Larger iPhones: How Might They Impact Advertisers?
Do the new iPhone screen sizes affect CTR and should marketers be concerned? Contributor Andrew Waber examines what we know about screen sizes and CTR.
While retailers and application developers are likely most excited about the aforementioned Apple Pay, those outside the direct transaction ecosystem, such as online advertisers, may find the biggest news to be the brand new iPhone screen sizes and associated display features.
What Do Big Screens Mean For Ads?
There are likely many questions being asked by marketers internally in the wake of the announcements. In this article we’ll look to address perhaps the most basic one — how might the new form factors impact ad engagement rates in general?
Up until these most recent iterations, every iPhone screen has retained the same width. That continuity provided some relief to advertisers and developers — when seeking to reach the lucrative base of iPhone users, you knew almost precisely how your ad or application would appear on their screen.
But with the iPhone 6 and 6 Plus screens coming in at 4.7 and 5.5 inches, respectively, those practitioners will likely be dealing with optimizing their content for a number of different sizes and the corresponding resolutions and features.
How Does Screen Size Impact CTR?
To quantify this issue, the research division of my employer, Chitika Insights, examined hundreds of millions of U.S. and Canadian smartphone-based online ad impressions generated across the Chitika Ad Network from August 1 through 31, 2014. In order to analyze specific device ad click through rates (CTR), we also looked at the associated clicks coming from individual devices.
Let’s first look at how click activity within the current iPhone user base breaks down by screen size. For the purposes of clarity, we indexed the graphs to the highest exhibited CTR:
As seen above, there is a relatively sizable CTR difference between users of the 3.5” iPhone models (iPhones 1-4S), and users of the 4” iPhone models (iPhones 5-5S). While it would seem reasonable to conclude that the larger the iPhone, the lower the CTR, there are a variety of confounding factors likely influencing these figures to some degree.
For one, each group encompass several years’ worth of iPhone models, increasing the number of variables within each respective user base (e.g., purchase time, age of the device).
The entirety of the 4” iPhone user base bought their phone in 2012 or later, meaning that you’ll have a higher concentration of tech-savvy users in that segment as compared to the older iPhone group. Historically, tech-minded users tend to click on ads at lower rates, and one would expect that trend to carry over across platforms.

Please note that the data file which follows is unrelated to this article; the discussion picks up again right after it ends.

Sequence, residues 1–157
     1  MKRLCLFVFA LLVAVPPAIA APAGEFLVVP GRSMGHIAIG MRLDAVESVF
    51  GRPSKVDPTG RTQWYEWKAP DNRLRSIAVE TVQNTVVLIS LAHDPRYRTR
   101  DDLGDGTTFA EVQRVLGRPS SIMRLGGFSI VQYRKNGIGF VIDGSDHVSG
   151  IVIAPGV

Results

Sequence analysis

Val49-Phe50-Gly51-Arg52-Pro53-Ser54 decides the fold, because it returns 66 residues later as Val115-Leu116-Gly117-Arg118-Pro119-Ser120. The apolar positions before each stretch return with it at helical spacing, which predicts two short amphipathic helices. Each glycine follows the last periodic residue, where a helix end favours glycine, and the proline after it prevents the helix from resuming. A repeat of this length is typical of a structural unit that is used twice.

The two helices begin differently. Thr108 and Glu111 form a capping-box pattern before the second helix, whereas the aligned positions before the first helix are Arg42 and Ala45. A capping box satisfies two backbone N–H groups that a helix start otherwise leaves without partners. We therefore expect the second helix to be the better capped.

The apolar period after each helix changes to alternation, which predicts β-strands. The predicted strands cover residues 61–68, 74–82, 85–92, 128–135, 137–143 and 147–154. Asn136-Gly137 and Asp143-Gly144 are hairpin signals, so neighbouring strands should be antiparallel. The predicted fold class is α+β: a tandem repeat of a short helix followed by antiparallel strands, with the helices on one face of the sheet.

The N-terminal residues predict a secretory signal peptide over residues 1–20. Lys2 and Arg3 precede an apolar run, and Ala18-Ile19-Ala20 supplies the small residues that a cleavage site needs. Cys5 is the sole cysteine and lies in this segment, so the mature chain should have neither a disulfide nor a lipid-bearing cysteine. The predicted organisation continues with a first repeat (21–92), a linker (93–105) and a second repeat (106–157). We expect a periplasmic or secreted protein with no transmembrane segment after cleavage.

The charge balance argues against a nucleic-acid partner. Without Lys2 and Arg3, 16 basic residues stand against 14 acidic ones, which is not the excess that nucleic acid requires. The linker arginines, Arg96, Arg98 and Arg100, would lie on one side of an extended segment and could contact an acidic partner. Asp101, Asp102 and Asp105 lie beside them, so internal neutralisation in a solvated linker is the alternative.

With that in mind, a more apt comparison may be the recently released Samsung Galaxy S5 and Samsung Galaxy Note 3 due to the similarities between those devices and how closely they mirror the limited number of differences between the iPhone 6 and 6 Plus.
Both of the Samsung smartphones were released less than a year apart, and boast relatively similar builds and specs outside of the different screen sizes – 5.1” for the S 5 and 5.7” for the Note 3:
The CTR differences between the two Samsung smartphones are close to negligible despite the varying screen sizes.
Certainly, the Galaxy S5 user base as a whole behaves slightly differently than that of the Galaxy Note 3 — the S5 is Samsung’s flagship, mainstream device, while the Note 3 is an unabashed phablet, which still operates within a limited, but growing niche.
Yet, this split is presumably what Apple will experience with its user base once the iPhone 6 variants hit the market on September 19, 2014. Most buyers will likely opt for the more traditionally sized 4.7” iPhone 6, while a smaller percentage of buyers will pick up the 5.5” Plus model.
Nothing To Be Concerned About
For marketers, these statistics should provide some degree of comfort. At a high level, the most recent applicable precedent points to screen size having seemingly no impact on CTR between two similar devices. Additionally, iPhone users as a whole click on ads at higher rates than their Android counterparts, and that’s unlikely to change with this latest release.
While we can’t say for sure that iPhone 6 and 6 Plus users won’t exhibit different CTRs, the identical release dates and similar specs, paired with this statistical context, makes it an unlikely scenario.
That being said, just like with any new technology, practitioners would be smart to look into optimizing their offerings to best take advantage of some of the new iPhone 6 features at some point.
Opinions expressed in this article are those of the guest author and not necessarily MarTech. Staff authors are listed here.
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